Women’s basketball kicks off final season as DIII school

Shreya Ravi | Mercury Staff

After winning the American Southwest Conference last spring, the women’s basketball team has entered their last season as a Division III school with a 71-43 win against Austin on Nov. 15. 

UTD will transition to a Division II school in spring, making this the last season the Comets will compete for an ASC championship. The first season after the transition will be a probationary period in which the team will be unable to compete in tournaments and championships. Last year, the Comets won their fifth ASC title in Feb. 2022 and qualified for the NCAA championship tournament, although they lost in the first round. Now, with motivation to be better than last season and the pressure of making championships, sophomore guard Amanda Crowninshield said the Comets have a stronger ambition to win.

“I think that has added a little bit of fuel to the fire,” Crowninshield said. “This might be the last time that most of us on the team get to go to the tournament. That is a little bit of added pressure, but I think we’re ready to go.”

Head coach Joseph Shotland is in his second year of coaching the women’s team and, he expects the team to do even better. While the team was still adjusting to a more aggressive defensive play style last season, they have adapted and now feel more at ease with Shotland and know what to expect out of practice.

“Every year, you are trying to refine the things and stay sharp at your craft,” Shotland said. “Whether that is new drills or new offenses or defenses, we are constantly trying to re-evaluate and be the best version of ourselves. We are going to compete hard and leave it on the floor. And that is what is exciting.”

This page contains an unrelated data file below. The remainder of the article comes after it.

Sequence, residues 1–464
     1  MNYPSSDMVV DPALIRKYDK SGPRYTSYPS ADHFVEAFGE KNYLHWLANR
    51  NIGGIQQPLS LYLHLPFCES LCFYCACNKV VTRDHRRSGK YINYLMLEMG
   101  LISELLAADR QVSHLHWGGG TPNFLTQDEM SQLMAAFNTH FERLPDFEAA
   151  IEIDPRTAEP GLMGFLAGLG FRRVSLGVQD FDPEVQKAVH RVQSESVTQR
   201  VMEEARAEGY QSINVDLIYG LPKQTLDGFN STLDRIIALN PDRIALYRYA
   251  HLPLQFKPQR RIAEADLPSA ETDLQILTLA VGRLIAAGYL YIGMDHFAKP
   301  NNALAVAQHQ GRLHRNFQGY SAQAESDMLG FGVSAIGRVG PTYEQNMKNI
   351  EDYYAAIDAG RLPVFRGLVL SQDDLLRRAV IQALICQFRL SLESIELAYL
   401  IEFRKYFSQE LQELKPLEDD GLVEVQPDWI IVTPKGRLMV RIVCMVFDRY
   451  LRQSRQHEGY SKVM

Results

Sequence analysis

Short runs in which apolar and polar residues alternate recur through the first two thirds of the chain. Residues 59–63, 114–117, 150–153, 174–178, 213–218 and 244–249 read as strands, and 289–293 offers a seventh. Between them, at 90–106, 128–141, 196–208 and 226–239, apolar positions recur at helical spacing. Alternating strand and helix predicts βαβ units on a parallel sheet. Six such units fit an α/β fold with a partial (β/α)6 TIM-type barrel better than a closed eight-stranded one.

Compared to the start of last season, the Comets’ average points per game have increased and they are currently undefeated. The team also passed their game high from the 2020-2021 season from 88 to 89 points. Now, Crowninshield said that they have found their identity as a defensive team. 

“I think throughout [last] season we kind of found that we are a defensive, aggressive team and being go, go, go all the time,” Crowninshield said. “It became integrated into our whole culture, in our practices and in the way that we interact with each other. We’re always focusing on going 110% and never letting up a play.”

This season, the Comets have dedicated their practices to focusing on defense and not letting up a play.

“I felt as if the bar was already pretty high,” freshman guard Molly Ly said. “First thing in the morning, everyone gets there, we get our shoes on, and we get down to business. In practices, things can get pretty [aggressive] because of how competitive we are, but everyone just wants to win.”

Practices are held at 7 a.m., and the girls get 3 straight hours to practice every day. This is a shorter time than the average five hours most DIII schools practice, so Shotland keeps practices short and packed and tries to recreate the intensity of games, making sure their time is used efficiently. 

“We’ve got a bunch of kids that want to win, and I think there’s a certain intensity level that you have to reach in order to win,” Shotland said. “One thing that I’m very excited about with this group is that we have 14 kids that have that winter’s intensity. So, it’s been fun to work with that in the early season and I’m looking forward to growing that muscle and continuing to get better.”

The Comets will play 17 more games before the ASC championship tournament on Feb. 22; dates can be found on the UTD Athletics website. All games are free for UTD students and Shotland encourages all students to come and support the Comets in their final run through DIII. Students can attend all home games for free, which will take place throughout January and February.

“I am very excited for where we are going to go this year, and I’m really hoping to win that crown again,” Crowninshield said. “We won last year and are ready to win back-to-back. That usually doesn’t happen in our conference, so we are ready to be the first ones in a long time to do that.”

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